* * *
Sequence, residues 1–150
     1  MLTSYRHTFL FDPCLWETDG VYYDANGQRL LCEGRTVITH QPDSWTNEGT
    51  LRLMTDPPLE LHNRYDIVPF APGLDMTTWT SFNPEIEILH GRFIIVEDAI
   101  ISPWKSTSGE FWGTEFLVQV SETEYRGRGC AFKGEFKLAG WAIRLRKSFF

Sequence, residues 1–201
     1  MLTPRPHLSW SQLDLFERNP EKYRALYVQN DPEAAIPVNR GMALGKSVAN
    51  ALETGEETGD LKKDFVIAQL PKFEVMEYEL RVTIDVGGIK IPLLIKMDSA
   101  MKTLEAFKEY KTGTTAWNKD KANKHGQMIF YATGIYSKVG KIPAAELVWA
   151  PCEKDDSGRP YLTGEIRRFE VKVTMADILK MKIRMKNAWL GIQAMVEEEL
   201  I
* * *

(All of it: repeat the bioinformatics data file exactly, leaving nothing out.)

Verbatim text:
Sequence, residues 1–150
     1  MLTSYRHTFL FDPCLWETDG VYYDANGQRL LCEGRTVITH QPDSWTNEGT
    51  LRLMTDPPLE LHNRYDIVPF APGLDMTTWT SFNPEIEILH GRFIIVEDAI
   101  ISPWKSTSGE FWGTEFLVQV SETEYRGRGC AFKGEFKLAG WAIRLRKSFF

Sequence, residues 1–201
     1  MLTPRPHLSW SQLDLFERNP EKYRALYVQN DPEAAIPVNR GMALGKSVAN
    51  ALETGEETGD LKKDFVIAQL PKFEVMEYEL RVTIDVGGIK IPLLIKMDSA
   101  MKTLEAFKEY KTGTTAWNKD KANKHGQMIF YATGIYSKVG KIPAAELVWA
   151  PCEKDDSGRP YLTGEIRRFE VKVTMADILK MKIRMKNAWL GIQAMVEEEL
   201  I